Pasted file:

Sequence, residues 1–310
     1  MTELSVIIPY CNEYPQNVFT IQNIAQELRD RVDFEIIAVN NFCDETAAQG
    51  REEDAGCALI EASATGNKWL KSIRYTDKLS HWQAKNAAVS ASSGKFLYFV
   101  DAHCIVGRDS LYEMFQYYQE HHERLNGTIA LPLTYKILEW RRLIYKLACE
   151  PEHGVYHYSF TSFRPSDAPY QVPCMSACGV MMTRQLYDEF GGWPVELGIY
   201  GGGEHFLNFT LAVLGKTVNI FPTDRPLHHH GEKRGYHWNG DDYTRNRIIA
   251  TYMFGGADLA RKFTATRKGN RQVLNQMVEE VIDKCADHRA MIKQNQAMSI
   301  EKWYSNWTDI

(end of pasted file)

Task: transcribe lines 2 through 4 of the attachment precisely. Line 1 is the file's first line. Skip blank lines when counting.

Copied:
     1  MTELSVIIPY CNEYPQNVFT IQNIAQELRD RVDFEIIAVN NFCDETAAQG
    51  REEDAGCALI EASATGNKWL KSIRYTDKLS HWQAKNAAVS ASSGKFLYFV
   101  DAHCIVGRDS LYEMFQYYQE HHERLNGTIA LPLTYKILEW RRLIYKLACE